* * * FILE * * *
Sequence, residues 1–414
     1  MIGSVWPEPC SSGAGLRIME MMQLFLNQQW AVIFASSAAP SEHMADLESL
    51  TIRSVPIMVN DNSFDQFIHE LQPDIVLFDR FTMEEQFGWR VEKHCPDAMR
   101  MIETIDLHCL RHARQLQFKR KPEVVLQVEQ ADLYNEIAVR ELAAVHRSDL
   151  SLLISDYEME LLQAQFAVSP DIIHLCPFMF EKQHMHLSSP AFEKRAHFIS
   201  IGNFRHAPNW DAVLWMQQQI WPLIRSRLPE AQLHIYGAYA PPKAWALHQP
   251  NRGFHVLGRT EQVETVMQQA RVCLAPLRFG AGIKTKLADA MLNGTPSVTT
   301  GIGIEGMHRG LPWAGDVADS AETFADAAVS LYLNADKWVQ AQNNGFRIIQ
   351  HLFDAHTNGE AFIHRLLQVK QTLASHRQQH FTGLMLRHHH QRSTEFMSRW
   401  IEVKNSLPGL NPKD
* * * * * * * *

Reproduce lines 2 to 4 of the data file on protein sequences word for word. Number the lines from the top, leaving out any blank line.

     1  MIGSVWPEPC SSGAGLRIME MMQLFLNQQW AVIFASSAAP SEHMADLESL
    51  TIRSVPIMVN DNSFDQFIHE LQPDIVLFDR FTMEEQFGWR VEKHCPDAMR
   101  MIETIDLHCL RHARQLQFKR KPEVVLQVEQ ADLYNEIAVR ELAAVHRSDL